After posting my Boiled Shrimp recipe, one of my devoted readers reached out to me via Twitter asking me to please share my Fried Shrimp secrets with her. I’m so glad she did because I thought I had already posted this one. My Fried Shrimp recipe really should have been one of my initial postings considering most NOLA babies cut their teeth on them–a popular Friday night dinner, local kid’s menu and weekly school lunch item. Finally, here it is.
As I’ve written about before, I believe different types of seafood need different batters to not only enhance each one’s unique characteristics but also give each one a signature flavor. This is especially important when serving more than one type of fried seafood at the same meal. In my opinion, there’s nothing worse than have a wonderful variety of seafood that all tastes the same.
When it comes to shrimp, I like to soak them in a spicy buttermilk bath then dredge them in seasoned “fish-fri,” a term coined by Zatarain’s. I’m quite partial to this particular corn flour because it’s very fine creating a thin coating that fries up light and fluffy. The seasoned variety also adds a hint of lemon and spice that adds zing while still allowing the shrimp’s sweetness to shine through. Thankfully, Zatarain’s products are now widely available. But if you have trouble finding this particular product, click on my Resources tab for online ordering options.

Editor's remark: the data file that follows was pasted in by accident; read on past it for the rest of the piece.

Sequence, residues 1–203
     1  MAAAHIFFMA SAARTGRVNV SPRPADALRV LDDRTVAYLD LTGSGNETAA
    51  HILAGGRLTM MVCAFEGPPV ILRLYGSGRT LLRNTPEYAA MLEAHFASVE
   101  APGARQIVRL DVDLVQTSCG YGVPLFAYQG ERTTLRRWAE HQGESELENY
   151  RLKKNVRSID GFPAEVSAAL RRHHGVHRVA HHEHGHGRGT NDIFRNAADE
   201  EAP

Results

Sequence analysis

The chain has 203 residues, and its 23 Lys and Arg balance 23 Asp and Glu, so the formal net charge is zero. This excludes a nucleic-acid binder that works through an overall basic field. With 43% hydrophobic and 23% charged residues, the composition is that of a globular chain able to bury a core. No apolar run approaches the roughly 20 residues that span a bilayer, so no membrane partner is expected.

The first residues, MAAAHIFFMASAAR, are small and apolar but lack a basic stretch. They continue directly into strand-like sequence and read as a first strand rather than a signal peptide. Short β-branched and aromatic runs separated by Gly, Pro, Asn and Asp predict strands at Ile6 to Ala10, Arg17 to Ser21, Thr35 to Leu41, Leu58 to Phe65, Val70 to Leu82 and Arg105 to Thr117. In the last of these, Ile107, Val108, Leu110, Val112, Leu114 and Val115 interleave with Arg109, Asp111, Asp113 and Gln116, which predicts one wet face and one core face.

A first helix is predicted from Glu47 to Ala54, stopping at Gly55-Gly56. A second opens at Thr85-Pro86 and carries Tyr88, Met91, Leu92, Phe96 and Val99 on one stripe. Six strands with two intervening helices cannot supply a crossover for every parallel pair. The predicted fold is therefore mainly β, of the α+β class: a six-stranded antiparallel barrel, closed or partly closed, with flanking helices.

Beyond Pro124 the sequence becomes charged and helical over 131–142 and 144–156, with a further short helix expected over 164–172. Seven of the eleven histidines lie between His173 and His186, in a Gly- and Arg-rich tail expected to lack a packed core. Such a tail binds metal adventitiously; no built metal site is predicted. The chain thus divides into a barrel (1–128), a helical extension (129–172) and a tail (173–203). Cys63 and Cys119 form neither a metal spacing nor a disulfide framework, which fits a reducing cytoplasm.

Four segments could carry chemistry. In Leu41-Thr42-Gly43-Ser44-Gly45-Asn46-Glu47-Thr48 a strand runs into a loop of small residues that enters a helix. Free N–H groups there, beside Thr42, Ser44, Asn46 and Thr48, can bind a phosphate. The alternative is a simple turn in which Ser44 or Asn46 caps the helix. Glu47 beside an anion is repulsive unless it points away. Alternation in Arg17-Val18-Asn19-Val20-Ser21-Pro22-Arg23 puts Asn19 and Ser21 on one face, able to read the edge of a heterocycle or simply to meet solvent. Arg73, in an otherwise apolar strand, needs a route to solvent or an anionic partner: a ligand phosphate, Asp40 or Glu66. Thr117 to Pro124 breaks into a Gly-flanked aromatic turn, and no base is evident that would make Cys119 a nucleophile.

Fried Shrimp Recipe
Peanut or canola oil, for frying
2 cups buttermilk
1 tablespoon plus 1 teaspoon Creole seasoning
2 cups Zatarain’s Crispy Southern Seasoned Fish-Fri
2 pounds medium shrimp, peeled
Place oil in a large skillet or electric fryer and heat to 350 degrees F. Meanwhile, pour buttermilk and Creole seasoning into a large resealable bag. Seal bag and mix ingredients until combined. Add shrimp and let soak for 20 minutes. Pour seasoned fish-fri into a separate resealable bag. Working in batches, remove shrimp from buttermilk mixture, drain off excess and dredge in fish-fri. Fry until shrimp float to the top and are golden brown, about 2-3 minutes per batch. Transfer to a wire rack or stack of paper towels to drain. Season to taste with salt. Makes 4-6 servings.